Background: Turner syndrome (TS) is classically a sporadic cause of short stature and gonadal dysgenesis in girls. We report familial variant TS affecting twelve individuals of both sexes over three generations. Affected children manifest short stature and varying degrees of neurodevelopmental disorder but no visceral abnormalities.
Case presentation: A 27-year-old female in her 12th pregnancy presented for 20-week ultrasound. Fetal cardiac and renal anomalies led to amniocentesis, revealing terminal deletion of the short arm of one X chromosome at band 22.3, consistent with variant TS. This baby girl had pedal and hand oedema at birth. Echocardiogram was normal but kidneys remained echogenic. Speech and language delay became evident by preschool. Now 3-years-old, her height is on the 25th centile. Seven other females (probands mother, half-sister, two half-aunts, three cousins and grandmother) and three males (probands half-brother and two cousins) carry the Xp22.3 deletion. They are short (height <2nd centile). Five out of eight affected females also displayed disordered neurodevelopment. Two girls have speech and language delay. Three adult women have learning disability. All three affected boys manifest a more severe phenotype. Two have global developmental delay and autism. The third, now 12-weeks-old, was born premature, needed ventilatory support and is being investigated for Hirschsprung disease.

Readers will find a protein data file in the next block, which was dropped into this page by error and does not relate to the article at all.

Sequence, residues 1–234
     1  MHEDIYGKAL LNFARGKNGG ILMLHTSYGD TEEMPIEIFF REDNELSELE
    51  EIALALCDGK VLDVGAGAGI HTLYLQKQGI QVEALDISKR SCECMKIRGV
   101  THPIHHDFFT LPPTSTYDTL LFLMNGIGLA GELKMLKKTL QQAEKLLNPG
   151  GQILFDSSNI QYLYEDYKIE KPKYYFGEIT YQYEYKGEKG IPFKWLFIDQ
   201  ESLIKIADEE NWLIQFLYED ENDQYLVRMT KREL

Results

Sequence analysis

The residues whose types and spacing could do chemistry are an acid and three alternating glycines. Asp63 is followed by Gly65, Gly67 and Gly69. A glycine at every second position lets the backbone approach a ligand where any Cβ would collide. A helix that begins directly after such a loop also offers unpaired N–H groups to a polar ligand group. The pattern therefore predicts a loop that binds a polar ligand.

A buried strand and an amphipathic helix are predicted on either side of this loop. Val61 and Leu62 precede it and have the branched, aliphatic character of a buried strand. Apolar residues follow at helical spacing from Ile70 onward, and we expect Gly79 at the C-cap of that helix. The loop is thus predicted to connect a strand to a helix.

Conclusion: This is variant TS affecting both sexes in three generations of a family due to Xp22.3 deletion. Of the 42 known contiguous genes in Xp22.3, deletion of NLGN4, ARSE and SHOX may explain the phenotypes in this family (Online Mendelian Inheritance in Man, OMIM). NLGN4 deletion is linked to developmental delay and autism. ARSE deletion is associated with x-linked chondrodysplasia punctate (short stature with short distal phalanges). SHOX haploinsufficiency is considered solely responsible for short stature in TS. Familial variant TS should be considered in short boys with the relevant family history.
01 Oct 2015 - 03 Oct 2015